Treg-specific deletion of NKAP results in severe, systemic autoimmunity due to peripheral loss of Tregs

Barsha Dash, Michael J. Shapiro, Ji Young Chung, Sinibaldo Romero Arocha, Virginia Smith Shapiro

Research output: Contribution to journalArticlepeer-review

6 Scopus citations


Regulatory T cells are critical for the generation and maintenance of peripheral tolerance. Conditional deletion of the transcriptional repressor NKAP in Tregs using Foxp3-YFP-cre NKAP conditional knockout mice causes aggressive autoimmunity characterized by thymic atrophy, lymphadenopathy, peripheral T cell activation, generation of autoantibodies, immune infiltration into several organs, and crusty skin at 3 weeks of age, similar to that of “scurfy” Foxp3-mutant mice. While Treg development in the thymus proceeds normally in the absence of NKAP, there is a severe loss of thymically-derived Tregs in the periphery. NKAP-deficient Tregs have a recent thymic emigrant phenotype, and are attacked by complement in a cell-intrinsic manner in the periphery. Previously, we demonstrated that NKAP is required for conventional T cell maturation as it prevents complement-mediated attack in the periphery. We now show that Tregs undergo a similar maturation process as conventional T cells, requiring NKAP to acquire complement resistance after thymic egress.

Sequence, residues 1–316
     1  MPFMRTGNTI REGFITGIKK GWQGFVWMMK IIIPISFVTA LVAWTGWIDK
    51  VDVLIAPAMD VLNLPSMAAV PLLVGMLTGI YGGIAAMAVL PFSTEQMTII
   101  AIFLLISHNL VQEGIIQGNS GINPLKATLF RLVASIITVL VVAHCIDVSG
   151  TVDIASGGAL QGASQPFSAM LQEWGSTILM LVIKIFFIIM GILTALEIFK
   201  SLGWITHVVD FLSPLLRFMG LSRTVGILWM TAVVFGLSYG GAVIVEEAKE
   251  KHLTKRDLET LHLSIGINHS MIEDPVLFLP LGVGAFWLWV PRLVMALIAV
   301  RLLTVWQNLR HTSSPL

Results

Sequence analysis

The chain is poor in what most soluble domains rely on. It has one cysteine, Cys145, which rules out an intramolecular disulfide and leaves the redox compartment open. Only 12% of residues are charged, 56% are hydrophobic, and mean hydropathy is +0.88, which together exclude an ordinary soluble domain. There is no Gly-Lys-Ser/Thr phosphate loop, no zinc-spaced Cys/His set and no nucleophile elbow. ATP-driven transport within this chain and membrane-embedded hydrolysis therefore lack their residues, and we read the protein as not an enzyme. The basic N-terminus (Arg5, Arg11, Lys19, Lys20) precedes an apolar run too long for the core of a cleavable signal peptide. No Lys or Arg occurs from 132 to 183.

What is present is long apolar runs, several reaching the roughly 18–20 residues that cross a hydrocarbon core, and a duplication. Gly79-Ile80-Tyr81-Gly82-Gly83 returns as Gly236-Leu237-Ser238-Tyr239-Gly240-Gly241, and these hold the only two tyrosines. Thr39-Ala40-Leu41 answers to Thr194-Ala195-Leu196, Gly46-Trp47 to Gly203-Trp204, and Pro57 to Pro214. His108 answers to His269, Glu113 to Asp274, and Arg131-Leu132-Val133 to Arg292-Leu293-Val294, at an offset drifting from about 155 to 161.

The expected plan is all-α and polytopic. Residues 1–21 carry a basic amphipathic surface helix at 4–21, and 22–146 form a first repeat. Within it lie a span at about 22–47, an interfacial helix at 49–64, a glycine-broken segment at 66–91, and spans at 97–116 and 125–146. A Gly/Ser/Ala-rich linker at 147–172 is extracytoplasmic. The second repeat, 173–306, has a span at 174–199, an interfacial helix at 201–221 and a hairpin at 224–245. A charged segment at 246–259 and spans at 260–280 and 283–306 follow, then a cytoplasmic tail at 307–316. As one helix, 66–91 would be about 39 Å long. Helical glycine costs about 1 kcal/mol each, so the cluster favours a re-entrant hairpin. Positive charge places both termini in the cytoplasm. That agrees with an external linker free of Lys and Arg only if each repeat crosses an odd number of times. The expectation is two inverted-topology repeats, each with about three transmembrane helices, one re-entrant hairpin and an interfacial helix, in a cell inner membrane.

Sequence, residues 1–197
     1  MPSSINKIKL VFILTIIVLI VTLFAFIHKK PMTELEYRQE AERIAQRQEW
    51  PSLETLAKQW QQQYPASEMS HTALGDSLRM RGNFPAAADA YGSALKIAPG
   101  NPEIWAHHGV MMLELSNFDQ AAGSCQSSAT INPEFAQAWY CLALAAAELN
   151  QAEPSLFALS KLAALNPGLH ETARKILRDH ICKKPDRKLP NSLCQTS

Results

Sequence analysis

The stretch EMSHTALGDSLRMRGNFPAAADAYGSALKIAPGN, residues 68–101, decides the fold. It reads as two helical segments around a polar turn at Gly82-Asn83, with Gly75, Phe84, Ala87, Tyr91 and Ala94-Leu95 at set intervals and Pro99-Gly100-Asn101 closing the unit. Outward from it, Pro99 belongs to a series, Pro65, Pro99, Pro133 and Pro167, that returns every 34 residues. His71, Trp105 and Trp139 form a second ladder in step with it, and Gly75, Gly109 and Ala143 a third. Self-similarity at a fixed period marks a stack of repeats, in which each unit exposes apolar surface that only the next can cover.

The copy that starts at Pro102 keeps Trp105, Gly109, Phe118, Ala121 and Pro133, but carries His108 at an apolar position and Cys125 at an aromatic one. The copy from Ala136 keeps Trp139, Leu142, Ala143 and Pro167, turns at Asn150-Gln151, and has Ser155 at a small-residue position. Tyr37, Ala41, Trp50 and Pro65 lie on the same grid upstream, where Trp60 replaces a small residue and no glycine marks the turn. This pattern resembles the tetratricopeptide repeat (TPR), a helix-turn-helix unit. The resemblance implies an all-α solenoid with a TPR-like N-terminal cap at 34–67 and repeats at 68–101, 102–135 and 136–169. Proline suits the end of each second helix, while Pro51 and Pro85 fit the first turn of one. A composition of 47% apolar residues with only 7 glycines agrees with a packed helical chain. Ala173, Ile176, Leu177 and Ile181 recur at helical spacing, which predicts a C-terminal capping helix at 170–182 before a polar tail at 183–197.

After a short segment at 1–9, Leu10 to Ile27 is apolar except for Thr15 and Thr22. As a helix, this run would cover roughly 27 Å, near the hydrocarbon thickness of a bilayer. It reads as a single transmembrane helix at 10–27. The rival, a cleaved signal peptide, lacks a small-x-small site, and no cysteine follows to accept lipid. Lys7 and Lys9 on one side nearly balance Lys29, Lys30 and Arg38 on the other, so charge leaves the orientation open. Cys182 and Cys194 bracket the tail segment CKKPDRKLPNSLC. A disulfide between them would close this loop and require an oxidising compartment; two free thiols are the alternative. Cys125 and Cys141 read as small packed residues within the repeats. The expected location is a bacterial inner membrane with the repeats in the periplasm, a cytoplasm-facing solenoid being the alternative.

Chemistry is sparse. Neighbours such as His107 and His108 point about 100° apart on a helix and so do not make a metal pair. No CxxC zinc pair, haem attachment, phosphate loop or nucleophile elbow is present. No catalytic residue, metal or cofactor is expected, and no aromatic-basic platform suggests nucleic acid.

Original languageEnglish (US)
Pages (from-to)139-148
Number of pages10
JournalJournal of Autoimmunity
StatePublished - May 2018


  • Complement
  • NKAP
  • Scurfy
  • Tregs

ASJC Scopus subject areas

  • Immunology and Allergy
  • Immunology


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